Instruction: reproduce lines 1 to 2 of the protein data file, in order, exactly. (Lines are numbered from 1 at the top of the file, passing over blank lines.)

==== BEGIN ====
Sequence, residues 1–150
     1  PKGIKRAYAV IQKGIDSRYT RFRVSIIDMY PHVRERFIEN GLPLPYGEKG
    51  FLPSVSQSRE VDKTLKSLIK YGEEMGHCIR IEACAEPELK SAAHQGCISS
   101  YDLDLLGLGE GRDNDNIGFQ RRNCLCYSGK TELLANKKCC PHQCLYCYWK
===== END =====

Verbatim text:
Sequence, residues 1–150
     1  PKGIKRAYAV IQKGIDSRYT RFRVSIIDMY PHVRERFIEN GLPLPYGEKG